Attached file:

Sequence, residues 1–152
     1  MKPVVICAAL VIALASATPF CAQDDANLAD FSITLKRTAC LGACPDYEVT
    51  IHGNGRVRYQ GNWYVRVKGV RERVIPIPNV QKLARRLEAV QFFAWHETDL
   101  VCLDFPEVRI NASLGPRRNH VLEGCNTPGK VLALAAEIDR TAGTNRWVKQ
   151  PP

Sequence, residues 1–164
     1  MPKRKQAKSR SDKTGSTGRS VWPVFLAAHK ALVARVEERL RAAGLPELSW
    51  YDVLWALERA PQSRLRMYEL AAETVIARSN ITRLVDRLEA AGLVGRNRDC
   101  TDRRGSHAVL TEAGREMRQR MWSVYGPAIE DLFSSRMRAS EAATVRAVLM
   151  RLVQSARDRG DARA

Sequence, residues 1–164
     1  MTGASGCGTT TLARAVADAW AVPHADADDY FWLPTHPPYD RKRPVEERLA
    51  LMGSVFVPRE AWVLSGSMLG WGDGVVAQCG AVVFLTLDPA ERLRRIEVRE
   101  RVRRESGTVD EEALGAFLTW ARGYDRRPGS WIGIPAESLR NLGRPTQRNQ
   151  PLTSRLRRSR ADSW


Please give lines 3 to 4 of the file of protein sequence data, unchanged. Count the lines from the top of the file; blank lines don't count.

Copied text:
    51  IHGNGRVRYQ GNWYVRVKGV RERVIPIPNV QKLARRLEAV QFFAWHETDL
   101  VCLDFPEVRI NASLGPRRNH VLEGCNTPGK VLALAAEIDR TAGTNRWVKQ